Take a four stroke lead into Sunday at The Masters and there are only two possible outcomes ... the Green Jacket or Sackcloth and Ashes.
Unless your name is Rory McIlroy!
The most remarkable feature of McIlroy's final day collapse at Augusta National is the way he simply has taken it in his stride.
McIlroy - who yesterday leapfrogged his boyhood idol Tiger Woods in the world rankings - celebrates his 22nd birthday tomorrow at Quail Hollow.
That's where McIlroy, now sixth in the world as opposed to the fading Tiger's seventh place, steps back into the PGA Tour spotlight this week as defending champion at The Wells Fargo Championship.
Under normal circumstances, this would be a pressure situation for any player.
But McIlroy has proved in the three weeks since Augusta that he's not 'any player'.
From the moment he walked off the green after that calamitous final round 80, he has astonished people with his acceptance.
Whether it was the global TV audience, who marvelled at the dignity of his post-round TV interview, or his best pals, who were almost taken aback by McIlroy's ability to rationalise the day's events that night at the house they shared in Augusta.
Padraig Harrington admitted after Carnoustie 2007 that had he lost the Claret Jug with that double-bogey six on 18, he'd probably have spent the next six months talking to the world through his letter box.
At the very least, McIlroy's mates must have girded themselves for an evening walking on eggshells that Sunday in Augusta ... until the man himself launched into a cool, considered analysis of the afternoon's events.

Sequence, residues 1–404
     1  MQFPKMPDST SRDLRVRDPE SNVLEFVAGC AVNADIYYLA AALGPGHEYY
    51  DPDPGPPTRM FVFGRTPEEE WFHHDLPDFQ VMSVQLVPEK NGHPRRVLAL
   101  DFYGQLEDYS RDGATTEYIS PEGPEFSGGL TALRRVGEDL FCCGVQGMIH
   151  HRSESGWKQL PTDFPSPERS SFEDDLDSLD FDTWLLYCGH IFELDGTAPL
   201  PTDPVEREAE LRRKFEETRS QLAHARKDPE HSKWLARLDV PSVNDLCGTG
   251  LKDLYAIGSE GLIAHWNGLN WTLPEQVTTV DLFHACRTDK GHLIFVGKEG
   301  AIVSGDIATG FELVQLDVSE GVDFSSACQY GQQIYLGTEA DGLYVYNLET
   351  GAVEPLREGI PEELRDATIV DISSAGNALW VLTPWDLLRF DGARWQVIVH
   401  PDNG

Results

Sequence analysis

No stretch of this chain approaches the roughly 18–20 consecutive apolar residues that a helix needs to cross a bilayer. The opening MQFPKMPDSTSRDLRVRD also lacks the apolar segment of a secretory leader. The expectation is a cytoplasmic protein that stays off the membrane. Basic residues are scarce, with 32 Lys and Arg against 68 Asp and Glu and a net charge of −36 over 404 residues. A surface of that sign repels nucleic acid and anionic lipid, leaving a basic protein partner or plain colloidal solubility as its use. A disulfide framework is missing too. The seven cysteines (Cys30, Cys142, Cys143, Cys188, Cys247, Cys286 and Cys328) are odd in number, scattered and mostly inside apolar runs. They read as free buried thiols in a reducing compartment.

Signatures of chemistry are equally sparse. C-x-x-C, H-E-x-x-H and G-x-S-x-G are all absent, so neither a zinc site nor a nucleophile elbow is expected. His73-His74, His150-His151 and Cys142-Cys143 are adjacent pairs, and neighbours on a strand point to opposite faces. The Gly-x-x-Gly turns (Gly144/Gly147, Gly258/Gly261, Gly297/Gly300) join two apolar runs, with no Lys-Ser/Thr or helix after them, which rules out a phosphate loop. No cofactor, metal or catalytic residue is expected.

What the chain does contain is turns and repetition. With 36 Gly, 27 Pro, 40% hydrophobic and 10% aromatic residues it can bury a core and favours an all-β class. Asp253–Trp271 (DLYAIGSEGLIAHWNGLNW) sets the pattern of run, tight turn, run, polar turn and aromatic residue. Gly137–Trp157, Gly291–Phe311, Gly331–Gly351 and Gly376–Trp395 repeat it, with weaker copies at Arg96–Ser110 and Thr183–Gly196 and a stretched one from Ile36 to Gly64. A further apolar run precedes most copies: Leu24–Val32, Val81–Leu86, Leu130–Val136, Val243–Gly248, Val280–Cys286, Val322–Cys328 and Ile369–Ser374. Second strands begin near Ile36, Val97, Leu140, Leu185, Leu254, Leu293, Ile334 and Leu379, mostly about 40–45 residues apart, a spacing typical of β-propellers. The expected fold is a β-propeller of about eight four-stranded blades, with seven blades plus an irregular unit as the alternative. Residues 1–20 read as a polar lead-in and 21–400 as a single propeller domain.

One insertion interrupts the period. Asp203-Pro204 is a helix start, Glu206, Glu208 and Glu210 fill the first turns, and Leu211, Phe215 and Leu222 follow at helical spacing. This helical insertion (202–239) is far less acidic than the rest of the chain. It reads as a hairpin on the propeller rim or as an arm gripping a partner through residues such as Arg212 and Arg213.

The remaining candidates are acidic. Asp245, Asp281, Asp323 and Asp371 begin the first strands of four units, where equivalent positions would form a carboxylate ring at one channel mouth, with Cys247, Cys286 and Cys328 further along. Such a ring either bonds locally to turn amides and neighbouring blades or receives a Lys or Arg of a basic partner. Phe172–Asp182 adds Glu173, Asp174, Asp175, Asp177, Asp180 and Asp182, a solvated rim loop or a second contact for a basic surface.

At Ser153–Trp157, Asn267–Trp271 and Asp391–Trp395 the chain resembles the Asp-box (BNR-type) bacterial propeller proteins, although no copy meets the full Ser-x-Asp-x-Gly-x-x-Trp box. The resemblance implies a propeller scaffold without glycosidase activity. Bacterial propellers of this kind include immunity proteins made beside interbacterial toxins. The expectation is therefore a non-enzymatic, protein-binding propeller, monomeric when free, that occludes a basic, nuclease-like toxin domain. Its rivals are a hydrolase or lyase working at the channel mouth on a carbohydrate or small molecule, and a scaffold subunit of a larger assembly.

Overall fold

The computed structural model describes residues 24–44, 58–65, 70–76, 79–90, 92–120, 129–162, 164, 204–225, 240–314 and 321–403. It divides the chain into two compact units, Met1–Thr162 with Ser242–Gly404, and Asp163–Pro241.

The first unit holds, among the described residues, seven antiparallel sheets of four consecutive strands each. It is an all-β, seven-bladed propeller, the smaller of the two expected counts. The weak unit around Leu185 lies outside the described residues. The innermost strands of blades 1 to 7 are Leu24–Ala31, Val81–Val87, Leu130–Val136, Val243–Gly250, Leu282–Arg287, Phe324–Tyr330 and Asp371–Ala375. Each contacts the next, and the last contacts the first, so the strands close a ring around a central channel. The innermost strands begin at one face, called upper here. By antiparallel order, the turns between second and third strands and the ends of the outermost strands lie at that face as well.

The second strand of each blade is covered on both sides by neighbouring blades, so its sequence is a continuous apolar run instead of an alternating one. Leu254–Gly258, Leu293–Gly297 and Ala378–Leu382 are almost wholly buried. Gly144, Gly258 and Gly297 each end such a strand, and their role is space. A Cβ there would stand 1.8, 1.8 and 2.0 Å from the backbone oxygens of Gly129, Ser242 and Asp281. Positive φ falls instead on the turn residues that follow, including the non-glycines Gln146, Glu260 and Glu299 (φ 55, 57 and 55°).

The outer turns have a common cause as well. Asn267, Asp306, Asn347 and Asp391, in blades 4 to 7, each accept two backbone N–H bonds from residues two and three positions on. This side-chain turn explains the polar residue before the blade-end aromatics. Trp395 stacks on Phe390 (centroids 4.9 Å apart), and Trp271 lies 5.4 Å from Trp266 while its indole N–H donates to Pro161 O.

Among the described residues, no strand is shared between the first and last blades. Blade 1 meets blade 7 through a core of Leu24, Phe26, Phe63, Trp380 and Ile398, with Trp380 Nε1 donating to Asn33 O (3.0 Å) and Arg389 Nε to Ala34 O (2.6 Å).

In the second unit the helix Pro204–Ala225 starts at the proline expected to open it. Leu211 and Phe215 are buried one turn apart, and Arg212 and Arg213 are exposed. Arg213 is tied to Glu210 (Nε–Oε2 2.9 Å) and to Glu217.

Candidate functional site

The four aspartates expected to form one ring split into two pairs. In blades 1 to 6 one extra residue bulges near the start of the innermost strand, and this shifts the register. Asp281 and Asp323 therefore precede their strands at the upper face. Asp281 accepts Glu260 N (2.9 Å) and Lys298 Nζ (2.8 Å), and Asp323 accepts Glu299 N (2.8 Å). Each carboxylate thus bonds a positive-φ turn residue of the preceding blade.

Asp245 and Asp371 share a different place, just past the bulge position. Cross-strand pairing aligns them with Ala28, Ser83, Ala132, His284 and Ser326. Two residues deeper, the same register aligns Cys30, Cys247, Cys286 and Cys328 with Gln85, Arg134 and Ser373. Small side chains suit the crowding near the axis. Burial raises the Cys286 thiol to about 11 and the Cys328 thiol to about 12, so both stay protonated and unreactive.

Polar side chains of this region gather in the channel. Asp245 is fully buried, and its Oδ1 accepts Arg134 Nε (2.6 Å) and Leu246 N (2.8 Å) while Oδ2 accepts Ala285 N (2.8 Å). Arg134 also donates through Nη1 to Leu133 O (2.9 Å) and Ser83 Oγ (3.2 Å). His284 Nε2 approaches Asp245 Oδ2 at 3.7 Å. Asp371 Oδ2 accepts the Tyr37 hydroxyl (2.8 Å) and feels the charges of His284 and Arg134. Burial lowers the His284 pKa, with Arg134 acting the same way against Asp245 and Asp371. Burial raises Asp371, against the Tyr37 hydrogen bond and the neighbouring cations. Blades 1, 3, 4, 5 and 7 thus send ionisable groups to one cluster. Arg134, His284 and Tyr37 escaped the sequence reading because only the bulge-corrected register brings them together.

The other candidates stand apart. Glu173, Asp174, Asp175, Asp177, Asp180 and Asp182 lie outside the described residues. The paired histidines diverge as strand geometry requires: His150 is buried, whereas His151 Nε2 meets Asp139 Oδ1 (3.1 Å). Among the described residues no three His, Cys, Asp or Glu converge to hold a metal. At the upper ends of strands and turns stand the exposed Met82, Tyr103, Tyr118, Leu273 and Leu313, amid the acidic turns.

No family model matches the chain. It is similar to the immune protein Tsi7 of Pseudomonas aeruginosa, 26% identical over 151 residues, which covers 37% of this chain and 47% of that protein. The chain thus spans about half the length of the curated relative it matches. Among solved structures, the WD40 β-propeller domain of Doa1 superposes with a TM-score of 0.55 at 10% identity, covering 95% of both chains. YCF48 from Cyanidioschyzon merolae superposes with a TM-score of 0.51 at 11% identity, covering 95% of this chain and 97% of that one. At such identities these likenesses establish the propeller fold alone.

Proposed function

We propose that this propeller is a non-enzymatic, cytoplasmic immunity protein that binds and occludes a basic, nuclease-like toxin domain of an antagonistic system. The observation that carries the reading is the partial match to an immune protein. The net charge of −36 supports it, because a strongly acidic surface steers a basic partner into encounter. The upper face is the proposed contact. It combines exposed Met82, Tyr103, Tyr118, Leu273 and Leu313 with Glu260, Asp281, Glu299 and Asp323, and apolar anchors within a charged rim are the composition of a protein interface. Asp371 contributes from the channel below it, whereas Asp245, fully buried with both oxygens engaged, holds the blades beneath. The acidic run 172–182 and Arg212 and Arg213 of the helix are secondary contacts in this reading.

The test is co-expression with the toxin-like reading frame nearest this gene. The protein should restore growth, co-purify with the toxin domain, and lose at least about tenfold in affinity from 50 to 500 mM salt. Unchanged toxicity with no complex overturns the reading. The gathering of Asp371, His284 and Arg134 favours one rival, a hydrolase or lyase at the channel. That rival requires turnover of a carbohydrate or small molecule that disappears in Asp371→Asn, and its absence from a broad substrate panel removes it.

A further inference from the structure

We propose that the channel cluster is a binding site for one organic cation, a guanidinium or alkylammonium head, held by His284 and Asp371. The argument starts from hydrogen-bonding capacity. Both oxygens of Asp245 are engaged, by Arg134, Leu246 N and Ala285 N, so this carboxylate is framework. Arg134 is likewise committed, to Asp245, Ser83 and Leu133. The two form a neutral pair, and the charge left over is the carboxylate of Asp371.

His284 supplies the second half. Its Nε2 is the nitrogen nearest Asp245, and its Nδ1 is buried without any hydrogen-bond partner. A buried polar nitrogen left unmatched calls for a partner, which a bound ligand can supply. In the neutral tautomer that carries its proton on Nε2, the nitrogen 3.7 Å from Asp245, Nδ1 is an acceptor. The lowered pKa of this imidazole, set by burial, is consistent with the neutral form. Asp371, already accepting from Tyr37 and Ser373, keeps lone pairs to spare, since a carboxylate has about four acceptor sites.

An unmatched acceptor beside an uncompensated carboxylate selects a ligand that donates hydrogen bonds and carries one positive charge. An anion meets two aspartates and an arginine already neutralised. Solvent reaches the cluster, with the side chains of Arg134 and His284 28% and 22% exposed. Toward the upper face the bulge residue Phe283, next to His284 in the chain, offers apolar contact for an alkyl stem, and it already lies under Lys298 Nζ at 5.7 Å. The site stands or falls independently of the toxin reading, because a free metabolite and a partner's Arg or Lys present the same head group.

Of course, McIlroy got straight back into European Tour action after Augusta, flying straight to Kuala Lumpur for the Maybank Malaysian Open, in which he defied jet-lag and exhaustion by pressing for victory right up to the final hole on Sunday.
The following week McIlroy sat down with Chubby Chandler, founder and head of his management company ISM, for a quiet chat.
The words 'post mortem' might usually be applied to such a meeting but nobody died at Augusta and certainly not McIlroy's dreams of Major Championship glory. Instead, McIlroy's performance at Augusta National was calmly dissected and it was agreed that the positives, particularly the qualities the Holywood youngster showed in leading the Masters for 63 holes, by far outweighed the negatives.
He'd looked so incredibly comfortable from tee to green over the first three days in golf's most challenging arena, McIlroy might even have challenged Tiger's 1999 scoring record.
Indeed, if his failure to win the Masters served one useful purpose, it was to leave absolutely no room for further denial of his difficulty in holing relatively short putts, especially under pressure.
So a significant course of action was taken. Contact has been made with Dave Stockton, the former US Ryder Cup captain and two-times US PGA Champion, whose reputation as one of golf's foremost putting gurus has flourished on foot of glowing tributes from two of his star 'pupils', Phil Mickelson and Annika Sorenstam.
The key for McIlroy is to build his confidence in his ability to hole short, pressure putts.
If, as one suspects, new world No6 McIlroy finds comfort under Stockton's wing, it could, even in the short term, unlock the door to Major titles.
In the meantime, McIlroy's general ball-striking should see him make a stirring defence of the title he won at Quail Hollow last May.
Official World Rankings: 1 Lee Westwood (Eng) 8.22pts, 2 Martin Kaymer (Ger) 7.55, 3 Luke Donald (Eng) 7.28, 4 Phil Mickelson (USA) 6.55, 5 Graeme McDowell (NIrl) 5.65, 6 Tiger Woods (USA) 5.54, 7 Rory McIlroy (NIrl) 5.54, 8 Paul Casey (Eng) 5.49, 9 Steve Stricker (USA) 5.34, 10 Matt Kuchar (USA) 5.24.